Liberman: “We Need To Look At This Culture Of Violence”
Retiring Senator Joe Lieberman makes a few good points
(The Hill) Sen. Joe Lieberman (I-Conn.) on Sunday called for a “national commission on violence,” in the wake of Friday’s shooting at an elementary school in Newtown, Conn.
“I’m always reluctant about commissions, but I really believe we ought to have a national commission on violence,” said Lieberman, according to a White House pool report. “These events are happening more frequently and I worry that if we don’t take a thoughtful look at them, we’re going to lose the hurt and the anger that we have now.”
Guns are the tools being used, but they are not the result. When people drive drunk and kill someone, we don’t blame the alcohol or motor vehicle, we blame the person who got liquored up. When some Islamist straps on a bomb and goes out to blow himself up with a whole bunch of women and children, we don’t blame the bombs and clothes, we blame the jihadi and that culture of violence (well, many liberals tend to blame Israel and the United States).
Lieberman suggested the commission should have a broad scope and not focus only on the nation’s gun-control restrictions.
“That includes looking at violence in the entertainment culture, mental health services and, of course, gun laws,” he said.
Let’s look into that violence in the entertainment industry, chock full of liberals who wield and even glorify guns. Look at all the violent and popular shows. Person of Interest, NCIS, Criminal Minds, Blue Bloods, Bones, Dexter, Law and Order (on tons of times and with different spin offs), shows on prison, Gangland (one of my favorites), Burn Notice (also one of my favs), and so many others. Plus so many others in regular and syndication.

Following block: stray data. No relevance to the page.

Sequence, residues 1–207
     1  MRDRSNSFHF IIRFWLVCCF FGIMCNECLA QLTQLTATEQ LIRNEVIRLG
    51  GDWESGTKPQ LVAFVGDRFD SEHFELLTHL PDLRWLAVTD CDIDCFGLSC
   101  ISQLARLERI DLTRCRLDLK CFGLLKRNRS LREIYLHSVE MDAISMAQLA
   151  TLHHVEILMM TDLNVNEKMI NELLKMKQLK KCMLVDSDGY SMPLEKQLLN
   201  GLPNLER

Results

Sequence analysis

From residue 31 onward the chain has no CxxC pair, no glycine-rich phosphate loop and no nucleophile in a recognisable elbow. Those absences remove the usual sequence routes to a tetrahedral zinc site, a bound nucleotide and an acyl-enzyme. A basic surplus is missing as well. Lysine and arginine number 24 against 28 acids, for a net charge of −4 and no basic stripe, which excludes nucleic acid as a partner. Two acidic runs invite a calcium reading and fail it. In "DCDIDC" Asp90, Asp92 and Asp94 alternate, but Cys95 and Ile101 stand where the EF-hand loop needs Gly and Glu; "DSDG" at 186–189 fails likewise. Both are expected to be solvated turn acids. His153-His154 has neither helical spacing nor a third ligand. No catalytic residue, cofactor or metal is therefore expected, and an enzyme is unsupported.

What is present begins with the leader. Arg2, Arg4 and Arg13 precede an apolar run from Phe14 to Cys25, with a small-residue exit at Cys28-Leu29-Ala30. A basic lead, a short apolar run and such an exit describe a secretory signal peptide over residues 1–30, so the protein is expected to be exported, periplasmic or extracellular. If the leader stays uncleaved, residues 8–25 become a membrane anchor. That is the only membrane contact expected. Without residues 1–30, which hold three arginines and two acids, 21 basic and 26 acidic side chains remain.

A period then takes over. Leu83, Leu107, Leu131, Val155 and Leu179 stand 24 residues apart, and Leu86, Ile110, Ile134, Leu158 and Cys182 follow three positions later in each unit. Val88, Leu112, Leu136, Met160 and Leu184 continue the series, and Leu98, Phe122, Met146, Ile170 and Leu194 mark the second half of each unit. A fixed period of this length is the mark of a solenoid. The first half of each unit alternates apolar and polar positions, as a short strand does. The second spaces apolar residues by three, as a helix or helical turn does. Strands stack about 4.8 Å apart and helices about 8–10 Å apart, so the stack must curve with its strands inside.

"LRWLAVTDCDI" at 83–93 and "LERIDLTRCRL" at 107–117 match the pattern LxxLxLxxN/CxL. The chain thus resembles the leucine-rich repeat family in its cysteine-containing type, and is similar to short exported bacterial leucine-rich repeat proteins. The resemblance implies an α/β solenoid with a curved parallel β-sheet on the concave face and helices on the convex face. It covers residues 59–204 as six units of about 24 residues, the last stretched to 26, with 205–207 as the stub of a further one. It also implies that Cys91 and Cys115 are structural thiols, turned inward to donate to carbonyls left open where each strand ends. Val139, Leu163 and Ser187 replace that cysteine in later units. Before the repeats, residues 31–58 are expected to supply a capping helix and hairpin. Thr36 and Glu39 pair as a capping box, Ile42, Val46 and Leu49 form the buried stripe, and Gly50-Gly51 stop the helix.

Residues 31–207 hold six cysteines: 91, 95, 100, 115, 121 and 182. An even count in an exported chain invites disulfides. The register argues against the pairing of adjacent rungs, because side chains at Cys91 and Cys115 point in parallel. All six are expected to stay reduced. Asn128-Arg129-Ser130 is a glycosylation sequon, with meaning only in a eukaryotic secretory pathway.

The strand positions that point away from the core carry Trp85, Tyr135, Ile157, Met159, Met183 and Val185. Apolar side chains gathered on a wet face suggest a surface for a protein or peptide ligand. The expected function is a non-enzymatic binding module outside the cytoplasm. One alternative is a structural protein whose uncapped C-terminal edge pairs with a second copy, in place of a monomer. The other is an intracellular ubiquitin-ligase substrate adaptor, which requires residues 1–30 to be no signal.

The top video games of the year include Assassins Creed 3, Halo 4, Dishonored, Ninja Gaiden 3, Max Payne 3, Binary Domain, Sleeping Dogs, Call Of Duty: Black Ops 2, and Borderlands 2, among others.
Look at all the violence in the movies released this and every year.
Deyon Durham, 24, of 279 Faulkner St., was found shot to death at 1221 Montgomery St. shortly after 7 a.m., police said.
The initial investigation suggests that Durham was breaking and entering at the home when the homeowner, whose name was not released, shot him.
Durham had convictions, starting in 2005, for indecent liberties with a minor, sexual battery, breaking and entering vehicles, larceny and failure to register as a sex offender, according to state Division of Adult Correction records.
We should make sure that guns are taken away from law abiding citizens so criminals are never in danger.